The Immigration and Nationality Act (INA) is a contradictory maze of requirements, exceptions and exceptions to exceptions. The federal courts find that the INA is second only to the U.S. tax code in its complexity. Attorney John Elwood, who argues cases before the U.S. Supreme Court, said “prolonged exposure” to the INA “can actually cause your brain to melt.”
Immigration to the U.S. is a mess because our laws do not do what we need them to do and do not work as intended. Enforcing a bad law will not make the law better or more effective.
Immigrating lawfully to the U.S. is typically a two-step process. The first step is to have a U.S. citizen or Lawful Permanent Resident (green card holder) family member or employer file a petition for an immigrant. Family and employment visas in all categories, except for immediate relatives of U.S. citizens, are capped. This means there is often a wait of many years, sometimes more than 20 years, before a visa number is available and an applicant can actually apply for a green card. Once a visa number is available, the applicant is not guaranteed a green card. If the applicant has immigration violations, such as multiple entries without inspection to the U.S., unlawful presence in the U.S. for more than one year or certain criminal records, then they are ineligible for a green card for 10 years or forever. For the majority of undocumented people living and working in the U.S., they did not have a lawful way to immigrate in the first place. There was never a line for them to get in, and there still isn’t. Worker visas (which are not green cards) are also capped and have stringent requirements on employers. The bureaucracy and cost of applying for agricultural visas is so burdensome that often the season for which the farmer needed the workers is over before any visas are processed. The U.S. demands migrant farmworkers and other low-skilled workers come to the U.S., but does not provide a way for workers to do so lawfully. Instead, U.S. policy is to spend time and money on the back end to deport undocumented workers, which only hurts employers, families and communities.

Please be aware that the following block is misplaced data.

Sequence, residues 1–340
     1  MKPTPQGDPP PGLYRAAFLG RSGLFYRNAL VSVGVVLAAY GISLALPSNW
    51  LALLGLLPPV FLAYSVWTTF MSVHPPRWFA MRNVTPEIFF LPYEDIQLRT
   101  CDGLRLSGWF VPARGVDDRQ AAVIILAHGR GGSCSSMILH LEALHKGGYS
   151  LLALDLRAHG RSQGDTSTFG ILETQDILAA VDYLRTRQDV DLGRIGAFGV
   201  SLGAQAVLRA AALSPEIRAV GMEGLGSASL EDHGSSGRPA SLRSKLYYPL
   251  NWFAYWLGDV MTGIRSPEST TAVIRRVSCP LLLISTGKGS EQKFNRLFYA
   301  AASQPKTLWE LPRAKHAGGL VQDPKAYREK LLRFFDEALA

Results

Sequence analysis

The U.S. only has the resources to put 400,000 people in deportation proceedings per year. The immigration courts are so backlogged that it is common for deportations to take more than four years. Increased deportations do nothing to solve the underlying problem, which is our immigration laws do not — in any way — regulate immigration in a fair or orderly way.
As the Senate’s bipartisan immigration reform bill expired in the House this winter, President Barack Obama took executive action to offer temporary protection from deportation and work authorization to a small number of the 11 million undocumented people living in the U.S. Parents of U.S. citizens or green card holders who have been living in the U.S. for the last five years, who have not been convicted of a felony, three misdemeanors or one significant misdemeanor (for example, a DUI or domestic battery) and who have not been ordered deported in the last year, can apply for this protection. Of course, this protection only lasts three years, is not any kind of real legal status, does not forgive any violations of law and does not lead to a green card. It is not a replacement for sensible immigration reform — something that can only come from Congress.
Instead of working on fixing this broken system, Congress appears only interested in continuing to punish people for not getting in a line that they were never allowed to join in the first place. Congress is so upset about the president’s action to alleviate some of the suffering caused by this infernal system that it refuses to work on overhauling our immigration laws (which would pre-empt any of the president’s actions). Clearly, Congress has a bad case of brain melt with no cure in sight.
Sara Dady is an immigration attorney with Dady & Hoffman LLC, 401 E. State St., second floor, Rockford, IL 61104. Her office can be reached at (815) 394-1359 or online at www.dadyhoffmann.com.
These articles are translated by Armando Tello. Armando works for SWITS, a regional translating service, and he also works as a freelance translator. He is from Guatemala, and speaks English, Spanish, German and is learning Italian. He had a small software service in Guatemala, and he is proud to say he is a “computer geek.” Armando may be contacted at the following email address: firstname.lastname@example.org.
From the Jan. 21-27, 2015, issue